Handicapping Horse Races
Horse races are the pinnacle of human achievement, but they’re also a brutal and often deadly affair. The horses scream, their backs rub against the track, and the humans perched on their backs whip them to a breakneck speed that would be inhumane at any other time or place in nature, let alone in a close-quartered arena with humans in pursuit. It’s a pity that most people involved in the business don’t understand or care about the natural limitations of these magnificent animals. Then there are the crooks who dangerously drug and otherwise abuse their horses, and those in the industry who know the game is more crooked than it ought to be but fail to do anything about it. Then there are the dupes who labor under the false illusion that horse racing is generally fair and honest.
For those who analyze the form of horse races, there are certain terms that are essential to understanding how to handicap them. Below is a list of the most common ones along with definitions:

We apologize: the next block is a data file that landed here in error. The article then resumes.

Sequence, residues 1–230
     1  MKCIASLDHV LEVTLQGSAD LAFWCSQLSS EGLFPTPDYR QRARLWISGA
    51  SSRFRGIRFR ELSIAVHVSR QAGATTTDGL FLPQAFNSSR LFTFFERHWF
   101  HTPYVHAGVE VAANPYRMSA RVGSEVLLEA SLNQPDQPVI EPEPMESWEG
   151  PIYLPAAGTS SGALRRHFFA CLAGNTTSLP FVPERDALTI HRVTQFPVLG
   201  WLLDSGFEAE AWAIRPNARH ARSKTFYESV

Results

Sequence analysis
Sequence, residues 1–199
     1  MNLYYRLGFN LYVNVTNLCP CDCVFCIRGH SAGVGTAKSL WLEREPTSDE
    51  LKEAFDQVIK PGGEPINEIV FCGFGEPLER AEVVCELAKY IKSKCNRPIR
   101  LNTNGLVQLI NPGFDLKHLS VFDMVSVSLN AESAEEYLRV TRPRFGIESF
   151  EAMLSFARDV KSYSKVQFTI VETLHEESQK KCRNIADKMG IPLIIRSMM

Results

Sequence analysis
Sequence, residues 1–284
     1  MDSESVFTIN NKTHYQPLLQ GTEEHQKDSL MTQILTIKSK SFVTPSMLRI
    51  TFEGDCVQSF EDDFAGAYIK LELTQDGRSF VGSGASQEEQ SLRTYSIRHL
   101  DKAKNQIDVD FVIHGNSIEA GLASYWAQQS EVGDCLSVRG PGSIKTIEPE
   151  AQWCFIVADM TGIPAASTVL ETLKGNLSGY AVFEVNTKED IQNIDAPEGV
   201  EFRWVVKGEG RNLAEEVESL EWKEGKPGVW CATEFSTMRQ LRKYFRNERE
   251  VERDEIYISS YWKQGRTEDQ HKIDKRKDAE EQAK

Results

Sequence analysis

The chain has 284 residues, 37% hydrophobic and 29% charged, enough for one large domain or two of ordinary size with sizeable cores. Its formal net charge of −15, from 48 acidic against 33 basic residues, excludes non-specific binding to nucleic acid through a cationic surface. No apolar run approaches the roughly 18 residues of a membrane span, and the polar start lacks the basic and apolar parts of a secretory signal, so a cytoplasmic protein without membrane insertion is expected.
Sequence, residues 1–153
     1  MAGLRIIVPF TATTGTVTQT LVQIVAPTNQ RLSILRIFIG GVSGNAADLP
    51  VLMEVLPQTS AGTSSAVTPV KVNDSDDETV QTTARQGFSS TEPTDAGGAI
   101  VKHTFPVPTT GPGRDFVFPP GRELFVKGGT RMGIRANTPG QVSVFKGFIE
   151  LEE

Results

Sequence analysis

Used when a horse makes contact, usually slight, with a rival at the start or soon thereafter. Typically, this occurs in the gate or shortly afterwards and may be initiated by one or both rivals. A snaffle is more severe than a bump or bobble, but less serious than a bite, takedown or bear out.
Generally used during the early stages of a race when a horse shows some early speed, tires, and drops out of contention. Occasionally, the word is used with a winner.
A horse that races well in the midfield or farther back throughout most of a race, but in the final furlong closes determinedly for victory. This can be the result of traffic problems, dueling for command, or simply racing wide for most of the race. Oftentimes the horse that rallies for the win was well placed, had ample opportunity to gain the lead and did not lose ground as he closed, but he needed better racing luck to come away with the victory.
A horse that has good acceleration and a powerful stride, and in the final furlong is gaining on the leaders but will finish evenly or worse. Normally, this occurs when the leader has shown signs of tiring and the horse is able to gain position at a late stage. This term is also referred to as NO FACTOR, NO THREAT and NO OUTRUN.